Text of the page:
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I have a Hegner Scroll saw that I picked up a few years ago. It is a great saw but I did not have it properly secured and it made terrible cuts. I bought their three sided stand and that made all the difference. Before the Hegner I had a Dremel saw. I thought it was a piece of junk but after bolting it to the bench it was a pretty descent saw. If you are going to make clock gears you need a smaller blade like a #2. It is a thin blade and I like the reverse teeth at the bottom. As noted earlier get your tension up and it will cut straight. If you start wandering off your line you need to check the tension. When you first put a blade on let the machine run about 5 minutes. There is a lot of stretch in scroll saw blades. After letting run for 5 minutes you can start sawing. You will still need to check tension several times in the first ten minutes of cutting. If you are breaking blades you are pushing the work sideways and the blade gets stressed and breaks. When you are sawing correctly blades seldom break. If you have not scrolled for a while I suggest getting a LED Magnifying lamp to put over the work. It really helps you keep on the line. Even if you do not have a magnifier get good light over your work area.

I use spray adhesive to attach my patterns. Then I put clear packing tape over the pattern. The tape has a lubricant on the surface that keeps the sticky side of the tape from sticking to the top of the tape above it on the roll. This helps keep the blade lubed and working well. When finished I peel off the tape and put mineral spirits on the paper pattern and let it sit about 5 minutes and the pattern peels right off. I use very thick paper for my patterns and it seems to hold up better than regular copier paper.

I saw on the American Woodworker PBS Program the other day a scroll project he and his wife did. They put drawer contact paper on the project and then glued the pattern on. The procedure made it really easy to get the pattern off. I have not tried this but it is probably similar to the tape because the paper has the lube of the plastic in it.

Good Luck, Happy Scrolling.
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post #8 of 26 (permalink) Old 10-27-2019, 08:00 AM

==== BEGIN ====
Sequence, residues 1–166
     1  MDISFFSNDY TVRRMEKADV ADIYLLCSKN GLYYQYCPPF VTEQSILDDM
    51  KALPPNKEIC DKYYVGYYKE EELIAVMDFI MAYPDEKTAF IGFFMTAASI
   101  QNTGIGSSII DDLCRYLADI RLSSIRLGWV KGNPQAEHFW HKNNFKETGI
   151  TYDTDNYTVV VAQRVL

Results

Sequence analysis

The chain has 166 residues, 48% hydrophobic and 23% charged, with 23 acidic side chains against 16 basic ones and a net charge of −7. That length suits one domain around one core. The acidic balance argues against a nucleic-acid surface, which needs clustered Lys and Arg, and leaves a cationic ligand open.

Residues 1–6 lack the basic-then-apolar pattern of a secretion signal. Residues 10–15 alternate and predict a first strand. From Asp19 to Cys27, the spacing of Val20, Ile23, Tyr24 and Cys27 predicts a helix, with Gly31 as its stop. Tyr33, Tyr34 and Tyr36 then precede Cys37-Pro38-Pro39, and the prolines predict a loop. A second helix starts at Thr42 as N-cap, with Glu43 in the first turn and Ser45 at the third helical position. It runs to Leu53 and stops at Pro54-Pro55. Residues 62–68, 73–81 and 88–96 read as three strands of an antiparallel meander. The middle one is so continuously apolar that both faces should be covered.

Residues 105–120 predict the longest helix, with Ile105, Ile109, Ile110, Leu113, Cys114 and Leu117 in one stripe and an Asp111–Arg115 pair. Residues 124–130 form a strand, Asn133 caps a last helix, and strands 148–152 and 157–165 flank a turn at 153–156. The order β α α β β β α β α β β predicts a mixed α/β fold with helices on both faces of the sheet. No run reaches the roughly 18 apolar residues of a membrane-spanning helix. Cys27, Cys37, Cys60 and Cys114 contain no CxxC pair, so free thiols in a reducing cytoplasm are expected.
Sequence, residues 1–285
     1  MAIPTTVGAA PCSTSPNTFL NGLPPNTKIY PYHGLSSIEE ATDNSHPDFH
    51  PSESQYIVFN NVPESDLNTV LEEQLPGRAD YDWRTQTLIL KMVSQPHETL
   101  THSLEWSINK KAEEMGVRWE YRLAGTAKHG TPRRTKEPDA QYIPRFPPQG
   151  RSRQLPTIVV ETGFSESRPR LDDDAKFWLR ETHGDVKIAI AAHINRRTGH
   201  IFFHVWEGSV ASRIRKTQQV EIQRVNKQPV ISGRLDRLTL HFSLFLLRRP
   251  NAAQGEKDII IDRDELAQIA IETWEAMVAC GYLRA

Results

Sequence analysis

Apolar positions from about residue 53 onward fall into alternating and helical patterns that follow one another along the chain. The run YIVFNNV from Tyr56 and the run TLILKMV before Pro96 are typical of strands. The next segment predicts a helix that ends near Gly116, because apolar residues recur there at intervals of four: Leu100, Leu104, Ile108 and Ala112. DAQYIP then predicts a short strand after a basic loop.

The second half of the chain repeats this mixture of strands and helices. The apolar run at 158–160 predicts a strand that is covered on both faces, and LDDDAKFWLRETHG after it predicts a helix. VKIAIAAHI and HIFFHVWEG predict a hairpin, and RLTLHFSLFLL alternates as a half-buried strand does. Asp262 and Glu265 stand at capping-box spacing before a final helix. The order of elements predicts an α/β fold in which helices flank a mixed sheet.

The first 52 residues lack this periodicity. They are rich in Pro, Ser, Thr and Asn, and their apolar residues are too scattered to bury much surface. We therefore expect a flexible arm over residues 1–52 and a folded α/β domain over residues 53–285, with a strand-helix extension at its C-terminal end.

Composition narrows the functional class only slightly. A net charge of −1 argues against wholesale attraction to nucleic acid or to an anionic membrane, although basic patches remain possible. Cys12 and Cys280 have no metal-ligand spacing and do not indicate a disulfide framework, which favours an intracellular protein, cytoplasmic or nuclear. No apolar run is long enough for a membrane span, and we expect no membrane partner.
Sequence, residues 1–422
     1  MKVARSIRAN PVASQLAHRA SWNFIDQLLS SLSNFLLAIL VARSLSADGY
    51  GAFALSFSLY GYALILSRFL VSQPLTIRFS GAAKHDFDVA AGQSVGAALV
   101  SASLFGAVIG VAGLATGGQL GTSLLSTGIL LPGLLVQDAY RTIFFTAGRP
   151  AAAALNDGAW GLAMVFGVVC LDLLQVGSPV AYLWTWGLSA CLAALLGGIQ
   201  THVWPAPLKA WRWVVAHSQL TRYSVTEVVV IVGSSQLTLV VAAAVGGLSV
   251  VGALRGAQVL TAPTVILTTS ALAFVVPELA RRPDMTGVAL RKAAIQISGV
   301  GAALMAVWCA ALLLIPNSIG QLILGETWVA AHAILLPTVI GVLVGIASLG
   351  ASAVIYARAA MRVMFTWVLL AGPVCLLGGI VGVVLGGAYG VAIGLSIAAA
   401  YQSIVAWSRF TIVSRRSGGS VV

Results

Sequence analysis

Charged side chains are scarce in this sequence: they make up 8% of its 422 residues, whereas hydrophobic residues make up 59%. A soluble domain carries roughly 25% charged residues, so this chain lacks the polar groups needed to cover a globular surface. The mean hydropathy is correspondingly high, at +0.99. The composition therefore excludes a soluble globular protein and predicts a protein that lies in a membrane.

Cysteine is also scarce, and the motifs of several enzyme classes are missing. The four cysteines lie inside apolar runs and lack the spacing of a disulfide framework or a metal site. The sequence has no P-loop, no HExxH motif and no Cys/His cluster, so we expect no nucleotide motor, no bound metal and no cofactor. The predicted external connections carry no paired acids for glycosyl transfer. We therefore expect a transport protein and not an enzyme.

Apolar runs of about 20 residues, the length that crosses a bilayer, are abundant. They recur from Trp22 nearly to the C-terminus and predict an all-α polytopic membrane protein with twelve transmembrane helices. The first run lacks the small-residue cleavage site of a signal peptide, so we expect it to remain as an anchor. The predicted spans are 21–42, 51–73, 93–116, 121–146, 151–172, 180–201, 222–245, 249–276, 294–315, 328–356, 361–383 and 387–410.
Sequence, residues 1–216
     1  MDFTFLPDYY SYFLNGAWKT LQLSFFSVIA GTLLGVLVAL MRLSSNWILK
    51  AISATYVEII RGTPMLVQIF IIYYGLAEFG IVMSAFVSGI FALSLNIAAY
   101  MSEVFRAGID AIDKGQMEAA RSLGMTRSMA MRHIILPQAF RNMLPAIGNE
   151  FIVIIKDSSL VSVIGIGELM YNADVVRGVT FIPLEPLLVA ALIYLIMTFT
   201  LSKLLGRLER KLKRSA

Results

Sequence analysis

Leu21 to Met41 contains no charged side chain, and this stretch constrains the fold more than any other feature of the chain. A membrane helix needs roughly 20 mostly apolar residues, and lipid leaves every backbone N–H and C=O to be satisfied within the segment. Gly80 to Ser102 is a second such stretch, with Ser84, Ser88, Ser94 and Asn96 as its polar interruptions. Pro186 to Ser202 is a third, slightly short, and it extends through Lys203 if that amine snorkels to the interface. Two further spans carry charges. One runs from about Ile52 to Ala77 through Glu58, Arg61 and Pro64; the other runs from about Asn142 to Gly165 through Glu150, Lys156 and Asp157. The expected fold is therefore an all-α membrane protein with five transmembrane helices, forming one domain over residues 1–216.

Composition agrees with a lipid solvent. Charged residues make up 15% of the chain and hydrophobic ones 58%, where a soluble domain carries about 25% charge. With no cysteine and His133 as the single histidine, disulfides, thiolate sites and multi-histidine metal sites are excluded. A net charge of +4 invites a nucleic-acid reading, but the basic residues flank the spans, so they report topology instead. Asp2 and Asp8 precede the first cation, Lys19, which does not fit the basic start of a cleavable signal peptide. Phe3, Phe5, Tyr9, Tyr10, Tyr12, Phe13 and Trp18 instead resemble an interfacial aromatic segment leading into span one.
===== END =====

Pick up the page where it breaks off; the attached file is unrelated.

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I think the best place to start when you want any type of information is Youtube.
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post #9 of 26 (permalink) Old 10-27-2019, 02:25 PM
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I think the best place to start when you want any type of information is Youtube.
The best place to learn the right way and the wrong way, unfortunately.....

However, I will say sites like Steve Good and Sterling Davis are great sources for info on the scroll saw. Also the Gwinett Woodworkers https://www.youtube.com/user/gwinnettwoodworkers are a fantastic resource as well.

If you are close to a Woodcraft store, they often have great classes for various levels https://www.woodcraft.com/stores/was...c-area/classes Classes vary from month to month. My youngest took a pen turning, and my brother and his significant other did the 'date night' and he did the scrolling level 1 by his lonesome. They were definitely worth the price of admission.
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post #10 of 26 (permalink) Old 10-27-2019, 02:47 PM
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and the wrong way, unfortunately.....
so painfully true...

This would have been the week that I'd have finished chewing thru the restraints...
If only new layers hadn't been added....

Stick....
Forget the primal scream, just ROAR!!!
"SNORK Mountain Congressional Library and Taxidermy”